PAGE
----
ARRIAGA: When the book is already published. In cinema, when it opens in the theaters. Because in the meantime, you can always make changes. I tried to make changes to the movie even when it was finished. But they said, “No, no, no, you can’t. You’re crazy, this is too much.” But I still see things, so the movie will be finished when it opens in theaters.

MERIN: In your mind, it will finally be finished. And, then you move on to other things…?

ARRIAGA: I have to move on. There was a writer who was famous in Mexico who said thank God we can publish things because if not we would still be working on them. You know Flaubert, every edition of Madame Bovary was changed. Every one of them. Nineteenth edition, Flaubert changed again. So, I like to move on. So that’s the process. It’s finished when the audience gets in touch with it.

MERIN: This is the first time you’re directing. What’s it like to direct, and to be responsible for the images as well as for the scario? How has that opened up possibilities, and where does it take you in your artistic process?

ARRIAGA: Writing is a very solitary job. You cannot ask anyone is this good or not. But when you’re directing, you can turn to someone and say I don’t know, and then people can help you. That’s the beauty of directing — that you work with a team. That’s a process I enjoy a lot. I enjoy working with actors and being on set. I’ve been on sets that are a nightmare, where the vibe is very bad because the director is completely distant. And I try to create a bond with everyone. First of all I refuse to let anyone say it is my film. All the cast and crew have to say it’s our film. And I strongly believe that.

MERIN: Since you’re an author who more-or-less channels your characters, or writes them from a very personal place, when you direct, you’re sort of giving the actors yourself to interpret. That’s an unusual relationship. Do you think they understand that?

ARRIAGA: Absolutely. You know, I’ve been a professor for many years and that has allowed me to learn how to express myself and communicate and understand that every person is different. When you teach, you understand quickly that people have different talents. Your job as a teacher is helping them to discover their talents.

MERIN: Who they are as artists?

ARRIAGA: Yes, who they are. And it think that’s my job as a director. to make the actor understand who they are in terms of the character, and what their being can give to the character. And it’s a very interesting process. A truly interesting process. And I thoroughly enjoy it.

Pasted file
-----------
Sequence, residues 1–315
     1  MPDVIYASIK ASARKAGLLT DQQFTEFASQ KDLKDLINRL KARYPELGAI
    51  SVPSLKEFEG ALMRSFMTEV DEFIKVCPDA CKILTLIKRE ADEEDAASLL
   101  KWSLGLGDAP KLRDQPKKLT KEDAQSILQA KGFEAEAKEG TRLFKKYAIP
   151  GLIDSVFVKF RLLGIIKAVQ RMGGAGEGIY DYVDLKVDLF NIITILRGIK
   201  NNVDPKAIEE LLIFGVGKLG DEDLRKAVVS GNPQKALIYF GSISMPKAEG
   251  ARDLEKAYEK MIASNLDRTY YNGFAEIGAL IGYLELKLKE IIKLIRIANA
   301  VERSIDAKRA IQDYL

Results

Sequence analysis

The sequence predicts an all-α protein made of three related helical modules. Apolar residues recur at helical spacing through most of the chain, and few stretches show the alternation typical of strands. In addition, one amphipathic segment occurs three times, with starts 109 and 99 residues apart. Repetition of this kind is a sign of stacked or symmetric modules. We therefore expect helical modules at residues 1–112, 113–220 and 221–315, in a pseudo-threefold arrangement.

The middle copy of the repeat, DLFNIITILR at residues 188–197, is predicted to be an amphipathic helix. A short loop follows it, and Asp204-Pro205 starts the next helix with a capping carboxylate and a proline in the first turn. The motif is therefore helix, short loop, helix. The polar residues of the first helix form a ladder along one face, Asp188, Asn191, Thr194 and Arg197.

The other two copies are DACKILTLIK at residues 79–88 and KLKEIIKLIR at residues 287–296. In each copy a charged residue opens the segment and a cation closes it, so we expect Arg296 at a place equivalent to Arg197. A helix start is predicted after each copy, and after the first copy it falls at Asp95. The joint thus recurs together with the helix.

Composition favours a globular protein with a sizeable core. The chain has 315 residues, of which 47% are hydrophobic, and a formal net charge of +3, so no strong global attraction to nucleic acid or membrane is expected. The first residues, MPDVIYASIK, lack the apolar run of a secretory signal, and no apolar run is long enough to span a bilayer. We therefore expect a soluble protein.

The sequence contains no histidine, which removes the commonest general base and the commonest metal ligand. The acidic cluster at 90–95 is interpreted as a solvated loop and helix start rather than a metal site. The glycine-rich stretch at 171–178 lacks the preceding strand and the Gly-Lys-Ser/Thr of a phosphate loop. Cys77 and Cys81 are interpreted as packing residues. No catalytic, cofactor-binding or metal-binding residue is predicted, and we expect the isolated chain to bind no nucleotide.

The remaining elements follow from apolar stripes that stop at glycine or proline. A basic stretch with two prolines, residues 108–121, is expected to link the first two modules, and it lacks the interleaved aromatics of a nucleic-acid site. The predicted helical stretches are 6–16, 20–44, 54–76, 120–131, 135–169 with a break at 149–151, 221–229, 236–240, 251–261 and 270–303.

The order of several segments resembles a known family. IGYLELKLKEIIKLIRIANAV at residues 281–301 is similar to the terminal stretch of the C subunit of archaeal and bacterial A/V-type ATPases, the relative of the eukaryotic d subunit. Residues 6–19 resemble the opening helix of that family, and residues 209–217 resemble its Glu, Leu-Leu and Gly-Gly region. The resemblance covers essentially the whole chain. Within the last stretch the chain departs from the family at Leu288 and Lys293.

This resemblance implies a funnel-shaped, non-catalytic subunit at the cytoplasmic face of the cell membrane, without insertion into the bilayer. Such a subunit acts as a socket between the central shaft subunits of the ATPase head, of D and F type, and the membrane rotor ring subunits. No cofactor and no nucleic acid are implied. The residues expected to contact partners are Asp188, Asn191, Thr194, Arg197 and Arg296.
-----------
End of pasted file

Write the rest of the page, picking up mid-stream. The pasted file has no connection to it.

MERIN: It is an amazing process, I agree. And the way in which you describe your work is amazing. As well. Thanks for your generosity in sharing it with us.

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Jennifer Merin

Jennifer Merin is the Film Critic for Womens eNews and contributes the CINEMA CITIZEN blog for and is managing editor for Women on Film, the online magazine of the Alliance of Women Film Journalists, of which she is President. She has served as a regular critic and film-related interviewer for The New York Press and She has written about entertainment for USA Today, The L.A. Times, US Magazine, Ms. Magazine, Endless Vacation Magazine, Daily News, New York Post, SoHo News and other publications. After receiving her MFA from Tisch School of the Arts (Grad Acting), Jennifer performed at the O'Neill Theater Center's Playwrights Conference, Long Wharf Theater, American Place Theatre and LaMamma, where she worked with renown Japanese director, Shuji Terayama. She subsequently joined Terayama's theater company in Tokyo, where she also acted in films. Her journalism career began when she was asked to write about Terayama for The Drama Review. She became a regular contributor to the Christian Science Monitor after writing an article about Marketta Kimbrell's Theater For The Forgotten, with which she was performing at the time. She was an O'Neill Theater Center National Critics' Institute Fellow, and then became the institute's Coordinator. While teaching at the Universities of Wisconsin and Rhode Island, she wrote "A Directory of Festivals of Theater, Dance and Folklore Around the World," published by the International Theater Institute. Denmark's Odin Teatret's director, Eugenio Barba, wrote his manifesto in the form of a letter to "Dear Jennifer Merin," which has been published around the world, in languages as diverse as Farsi and Romanian. Jennifer's culturally-oriented travel column began in the LA Times in 1984, then moved to The Associated Press, LA Times Syndicate, Tribune Media, Creators Syndicate and (currently) Arcamax Publishing. She's been news writer/editor for ABC Radio Networks, on-air reporter for NBC, CBS Radio and, currently, for Westwood One's America In the Morning. She is a member of the Critics Choice Association in the Film, Documentary and TV branches and a voting member of the Black Reel Awards. For her AWFJ archive, type "Jennifer Merin" in the Search Box (upper right corner of screen).